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CFPB considering plan to shut down public database of consumer complaints against banks

Acting Director of the Consumer Financial Protection Bureau (CFPB) Mick Mulvaney is considering a plan to shut down the public access to the CFPB database of bank complaints against financial institutions. A coalition of organizations — including the American Library Association (ALA)! — has written to Acting Director Mulvaney to protest his plan to end public access by consumers to view and file complaints against financial institutions.

Dear Acting Director Mulvaney:

We the undersigned consumer, civil rights, good government, and pro-transparency groups are writing to express our firm objection to your recently stated plan to end public access to a Consumer Financial Protection Bureau (CFPB) database used by consumers to file and view complaints against financial institutions, and to urge you to reconsider your plan.

You have suggested that making consumer complaints public without first verifying all points may be harmful to businesses and used this potential harm to justify ending public access to the complaint database. However, there simply is no clear, objective evidence that such a problem actually exists. Without greater certainty, such a drastic rollback of transparency seems premature. In fact, companies subject to complaints in the database are given a chance to publicly respond and to clarify that same public record if they feel the complaint is unfair or inaccurate. In 2017, companies responded to 95 percent of the complaints submitted through this database, though not all companies chose to share their responses publicly.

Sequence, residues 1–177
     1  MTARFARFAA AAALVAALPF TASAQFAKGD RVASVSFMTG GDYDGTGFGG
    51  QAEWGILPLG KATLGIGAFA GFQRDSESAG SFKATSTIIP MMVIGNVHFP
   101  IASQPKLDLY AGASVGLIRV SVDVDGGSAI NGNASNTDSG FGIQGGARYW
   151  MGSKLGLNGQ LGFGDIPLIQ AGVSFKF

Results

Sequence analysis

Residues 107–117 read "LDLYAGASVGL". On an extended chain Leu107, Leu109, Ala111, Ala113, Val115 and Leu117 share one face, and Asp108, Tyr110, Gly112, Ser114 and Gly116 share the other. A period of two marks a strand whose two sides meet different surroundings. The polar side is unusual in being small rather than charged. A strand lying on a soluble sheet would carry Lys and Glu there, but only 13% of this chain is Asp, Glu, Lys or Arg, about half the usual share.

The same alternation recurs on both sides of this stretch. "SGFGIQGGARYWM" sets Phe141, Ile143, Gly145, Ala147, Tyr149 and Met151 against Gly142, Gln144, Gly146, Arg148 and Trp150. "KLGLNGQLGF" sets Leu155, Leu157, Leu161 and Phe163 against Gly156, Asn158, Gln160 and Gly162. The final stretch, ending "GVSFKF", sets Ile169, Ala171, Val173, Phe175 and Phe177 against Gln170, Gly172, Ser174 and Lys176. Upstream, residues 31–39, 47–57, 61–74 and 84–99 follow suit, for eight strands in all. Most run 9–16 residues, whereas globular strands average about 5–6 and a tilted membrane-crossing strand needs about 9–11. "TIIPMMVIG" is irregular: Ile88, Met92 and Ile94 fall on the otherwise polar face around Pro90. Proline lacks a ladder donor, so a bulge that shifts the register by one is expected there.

Furthermore, it seems as if you have left out any benefit that access to this database provides to consumers. Public access to this complaint database provides consumers with the necessary information to make better pre-purchase choices based in part on experiential information shared by fellow consumers about companies with which they’ve done business. Hundreds of thousands of consumers use the system each year.3 It is essential that this information continue to be available to consumers prior to engaging in such business dealings as committing to a contract, taking out a loan, or opening a financial account.

A publicly accessible, user-friendly, searchable system that allows individuals to research companies, specific complaint types, and actual products or services helps create a competitive, well-functioning marketplace for consumers and corporations alike. Indeed, companies with strong records of standing behind their products and services benefit from a publicly searchable database, and those that work to resolve consumer complaints in a timely and effective manner also stand to gain.

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